There’s an old saying about politics: “There’s no such thing as too much information.”
But when it comes to a presidential primary, that’s not true anymore.
The presidential debate, which is scheduled for Feb. 1 at Hofstra University, is one of the most-watched political events of the year.
This week, Politico published the latest data on the event.
While most of the media outlets covered the first debate as a live event, Politico is tracking the second debate on a separate site and analyzing the debate data on a new website.
In addition to the live event on the second site, Politico will also publish a full transcript of the debate.
We have a team of more than 150 journalists covering the debates in Iowa, New Hampshire and South Carolina, as well as on a series of other platforms.
The first debate is expected to draw more than 25 million viewers, according to CNN.
And, according the analysis of data from Nielsen Media Research, it’s the third-most-wanted presidential debate of all time.
POLITICO will release the second-most talked about debate in early February on its website, where you can watch the live debate and follow the debate coverage from the other platforms as it happens.
Here are the key takeaways from the first and second debates: What are the main trends?
The debate’s viewership has stayed relatively consistent, with the first contest garnering about 19 million viewers and the second garnering around 12 million.
There are some interesting trends here.
First, the viewership is up for both candidates.
There’s been an increase in the number of viewers who watched the first presidential debate last month, with about 8.6 million.
And the viewership has risen a bit since then.
That’s a pretty big boost for a debate, especially if you consider that the viewership peaked in October at about 20.7 million.
That is a record for a presidential campaign, and the debate’s audience is likely a reflection of that.
But the second campaign is also growing in viewership.
For the first one, there were about 3.1 million viewers on Friday.
That number has jumped to 5.3 million.
So there is a growing audience for both campaigns.
Second, both campaigns are taking advantage of the audience.
The candidates are targeting the most passionate supporters in the audience, who will be watching the debate live.
The second debate is going to be a much more engaging event.
There will be more coverage of the candidates and their positions and more analysis of the issues they’re addressing.
The most talked about issues during the debate will be gun control, immigration, climate change, gun safety, and other issues that voters are passionate about.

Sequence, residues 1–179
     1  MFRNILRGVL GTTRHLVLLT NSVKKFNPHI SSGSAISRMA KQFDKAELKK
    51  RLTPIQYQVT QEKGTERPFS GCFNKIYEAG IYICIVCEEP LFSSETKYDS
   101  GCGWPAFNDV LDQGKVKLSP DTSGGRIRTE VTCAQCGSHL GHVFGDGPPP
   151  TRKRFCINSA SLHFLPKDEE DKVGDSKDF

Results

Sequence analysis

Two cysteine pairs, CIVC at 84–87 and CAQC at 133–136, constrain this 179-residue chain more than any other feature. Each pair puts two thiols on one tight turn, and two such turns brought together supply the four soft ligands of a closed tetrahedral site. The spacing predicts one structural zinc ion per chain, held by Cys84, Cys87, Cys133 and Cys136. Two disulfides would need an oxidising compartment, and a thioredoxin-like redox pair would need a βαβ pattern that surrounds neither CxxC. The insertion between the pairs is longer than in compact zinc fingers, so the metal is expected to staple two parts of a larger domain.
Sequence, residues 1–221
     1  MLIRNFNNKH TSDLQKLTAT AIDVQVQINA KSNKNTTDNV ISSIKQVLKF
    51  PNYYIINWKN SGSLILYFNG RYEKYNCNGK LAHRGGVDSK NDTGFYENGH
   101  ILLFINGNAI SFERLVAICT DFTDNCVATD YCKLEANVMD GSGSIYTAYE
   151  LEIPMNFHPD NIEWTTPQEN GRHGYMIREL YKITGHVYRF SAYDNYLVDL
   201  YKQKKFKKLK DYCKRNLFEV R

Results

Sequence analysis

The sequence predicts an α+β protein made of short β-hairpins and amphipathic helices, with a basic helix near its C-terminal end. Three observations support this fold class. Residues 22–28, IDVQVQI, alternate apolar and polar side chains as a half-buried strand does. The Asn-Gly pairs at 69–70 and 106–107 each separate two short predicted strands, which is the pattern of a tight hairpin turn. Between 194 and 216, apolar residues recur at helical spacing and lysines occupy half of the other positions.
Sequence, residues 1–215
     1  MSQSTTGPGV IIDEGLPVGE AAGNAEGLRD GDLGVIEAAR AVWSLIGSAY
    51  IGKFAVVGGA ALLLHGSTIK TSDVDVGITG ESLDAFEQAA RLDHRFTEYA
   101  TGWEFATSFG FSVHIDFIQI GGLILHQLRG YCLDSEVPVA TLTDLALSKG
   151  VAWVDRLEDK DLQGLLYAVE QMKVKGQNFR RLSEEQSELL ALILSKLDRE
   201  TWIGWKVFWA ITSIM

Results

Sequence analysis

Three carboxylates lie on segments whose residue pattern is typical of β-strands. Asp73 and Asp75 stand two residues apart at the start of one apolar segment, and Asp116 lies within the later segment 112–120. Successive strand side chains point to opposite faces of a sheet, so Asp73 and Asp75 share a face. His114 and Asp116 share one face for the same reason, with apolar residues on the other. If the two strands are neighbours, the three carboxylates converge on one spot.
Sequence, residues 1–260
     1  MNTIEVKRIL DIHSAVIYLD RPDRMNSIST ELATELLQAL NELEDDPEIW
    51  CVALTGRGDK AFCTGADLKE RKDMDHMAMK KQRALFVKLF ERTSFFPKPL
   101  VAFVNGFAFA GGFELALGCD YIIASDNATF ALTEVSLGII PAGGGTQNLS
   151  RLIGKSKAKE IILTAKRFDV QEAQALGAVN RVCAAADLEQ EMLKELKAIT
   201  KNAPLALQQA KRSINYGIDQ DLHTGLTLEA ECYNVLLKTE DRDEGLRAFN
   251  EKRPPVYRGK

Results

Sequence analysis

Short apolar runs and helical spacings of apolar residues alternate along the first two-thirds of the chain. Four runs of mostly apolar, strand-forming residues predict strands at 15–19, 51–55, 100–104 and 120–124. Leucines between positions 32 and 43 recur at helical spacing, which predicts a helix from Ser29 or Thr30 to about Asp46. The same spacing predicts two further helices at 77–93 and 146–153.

What’s happening on the ground?
The first presidential primary debate will take place in Iowa on Feb. 2.
The third debate will follow on Feb 1.
Here’s a look at what you need at home to watch the debate: Polls: The first primary debate is taking place at Hofstadter University in Greenville, South Carolina.
There, ABC News/Washington Post polls of likely voters will be conducted from Feb. 10-19.
The polls will also be conducted by Selzer & Karp, a nonpartisan pollster in New Hampshire, on Feb 4.
A CNN/ORC poll of South Carolina voters will also take place on Feb 8, and a Suffolk University poll will be released Feb 9.
The CNN/CBS News polls will be done by Hart Research and the University of New Hampshire Survey Center.
Politico has a tracking app for both, so you can keep up with the debate on both platforms.
Media: We will have live coverage of both the first, second and third debates from the beginning of Feb on our website and from our other platforms, including on MSNBC, CNN, Fox News Channel, NBC News, CNN/Opinion Research Corp., ABC News, CBS News, ABC’s World News Tonight, CBS Evening News, CNBC, CNN Newsroom, Fox Business Network, MSNBC, MSNBC Live, MSNBC Digital, CNN Digital, and Twitter.
The live coverage will be available for free.
Here are the other key takeaway points from the second and first presidential debates: The debate will highlight the candidates’ positions on issues.
The media will be focused on issues, with focus on health care, the economy, the Supreme Court and the environment.
We are tracking all of the major issues and are focusing on issues that matter to voters.
Both candidates will be debating on key issues.
For both campaigns, the candidates will take to the stage.
Both will be addressing issues on their respective platforms.
Both campaigns will be able to discuss their positions on key topics.
Both are expected to highlight their positions, including their positions as the next president.
Both leaders will address their positions.
Both candidates will address the issues that are important to voters, including health care and immigration.
Both presidential candidates will discuss their stances on the issues.
Both were asked to address their policies.